The Mars Orbiter Mission (MOM), also known as Mangalyaan marked India's inaugural interplanetary endeavor. MOM's remarkable success in reaching Mars' orbit on a limited budget showcased India's technological capabilities. With scientific goals encompassing the study of Martian morphology, atmosphere, and methane presence, MOM not only positioned India as the first Asian nation to reach Martian orbit but also highlighted its growing influence in international space exploration and research.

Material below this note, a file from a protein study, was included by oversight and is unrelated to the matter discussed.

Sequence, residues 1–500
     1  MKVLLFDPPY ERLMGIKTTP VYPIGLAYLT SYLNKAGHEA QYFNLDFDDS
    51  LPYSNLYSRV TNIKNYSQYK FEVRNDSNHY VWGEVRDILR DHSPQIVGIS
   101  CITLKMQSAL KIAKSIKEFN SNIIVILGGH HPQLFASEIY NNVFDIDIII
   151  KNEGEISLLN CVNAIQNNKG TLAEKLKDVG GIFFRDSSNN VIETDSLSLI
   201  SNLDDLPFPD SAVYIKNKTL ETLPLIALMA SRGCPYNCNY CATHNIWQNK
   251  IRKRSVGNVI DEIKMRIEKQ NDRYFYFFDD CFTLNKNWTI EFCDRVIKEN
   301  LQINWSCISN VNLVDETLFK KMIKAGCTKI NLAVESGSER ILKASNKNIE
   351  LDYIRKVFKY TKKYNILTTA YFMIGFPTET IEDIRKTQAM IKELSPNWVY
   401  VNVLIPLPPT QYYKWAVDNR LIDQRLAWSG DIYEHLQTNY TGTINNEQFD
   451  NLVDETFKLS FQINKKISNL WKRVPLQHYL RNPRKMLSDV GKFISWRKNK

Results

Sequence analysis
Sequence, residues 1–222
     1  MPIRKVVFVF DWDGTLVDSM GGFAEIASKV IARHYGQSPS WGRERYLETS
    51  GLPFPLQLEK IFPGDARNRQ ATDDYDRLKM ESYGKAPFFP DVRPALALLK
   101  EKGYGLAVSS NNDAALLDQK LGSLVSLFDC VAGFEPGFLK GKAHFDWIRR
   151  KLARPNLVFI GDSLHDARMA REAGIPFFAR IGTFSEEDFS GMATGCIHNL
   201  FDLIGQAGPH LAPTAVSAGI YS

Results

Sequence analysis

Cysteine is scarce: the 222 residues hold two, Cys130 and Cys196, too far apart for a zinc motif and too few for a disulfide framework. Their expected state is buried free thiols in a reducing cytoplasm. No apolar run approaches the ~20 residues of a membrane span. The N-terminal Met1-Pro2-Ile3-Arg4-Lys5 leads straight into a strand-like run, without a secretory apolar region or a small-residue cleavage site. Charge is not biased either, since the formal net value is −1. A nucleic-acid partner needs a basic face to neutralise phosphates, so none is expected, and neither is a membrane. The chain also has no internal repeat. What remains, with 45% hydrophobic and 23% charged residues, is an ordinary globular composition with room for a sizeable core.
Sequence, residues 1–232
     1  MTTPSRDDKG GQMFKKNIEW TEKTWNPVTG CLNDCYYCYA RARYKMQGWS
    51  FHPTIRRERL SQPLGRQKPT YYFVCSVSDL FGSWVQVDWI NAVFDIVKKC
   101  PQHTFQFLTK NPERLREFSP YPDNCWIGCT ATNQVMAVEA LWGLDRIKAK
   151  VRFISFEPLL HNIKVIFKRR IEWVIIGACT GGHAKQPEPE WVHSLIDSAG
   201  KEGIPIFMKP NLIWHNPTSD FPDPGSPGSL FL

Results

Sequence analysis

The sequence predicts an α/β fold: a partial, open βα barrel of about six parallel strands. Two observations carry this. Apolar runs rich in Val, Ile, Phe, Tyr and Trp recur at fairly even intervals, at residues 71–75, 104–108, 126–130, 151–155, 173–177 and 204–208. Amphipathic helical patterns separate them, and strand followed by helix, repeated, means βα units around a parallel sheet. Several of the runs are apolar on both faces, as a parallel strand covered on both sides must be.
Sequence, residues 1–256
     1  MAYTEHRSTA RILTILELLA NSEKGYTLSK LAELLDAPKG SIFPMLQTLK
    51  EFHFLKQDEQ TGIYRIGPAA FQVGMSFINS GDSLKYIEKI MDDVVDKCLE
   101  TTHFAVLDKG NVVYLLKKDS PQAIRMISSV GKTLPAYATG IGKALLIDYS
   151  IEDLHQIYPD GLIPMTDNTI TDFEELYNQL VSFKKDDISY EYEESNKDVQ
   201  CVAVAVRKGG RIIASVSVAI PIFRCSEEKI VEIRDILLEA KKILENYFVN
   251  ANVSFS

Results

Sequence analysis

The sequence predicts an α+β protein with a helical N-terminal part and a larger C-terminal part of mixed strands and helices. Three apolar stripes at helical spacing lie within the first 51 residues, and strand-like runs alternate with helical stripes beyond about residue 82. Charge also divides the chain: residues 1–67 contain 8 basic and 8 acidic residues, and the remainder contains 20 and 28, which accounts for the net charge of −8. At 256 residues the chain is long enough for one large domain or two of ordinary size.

Kalamsat-V2, a nano-satellite developed by Indian students, was launched by the Indian Space Research Organisation (ISRO). Weighing just 1.2 kilograms, it holds the distinction of being the lightest and smallest satellite to ever be placed in orbit. Designed by a team of students from Space Kidz India, Kalamsat-V2 was named after Dr. APJ Abdul Kalam himself. The satellite showcased India's prowess in miniaturized satellite technology and provided a platform for experimental communication through amateur radio frequencies. The successful launch of Kalamsat-V2 was a significant achievement for India's youth, as it demonstrated that even students with limited resources could contribute to space research and exploration. Since its launch, it has inspired several young minds to pursue careers in science, technology, engineering, and space-related fields.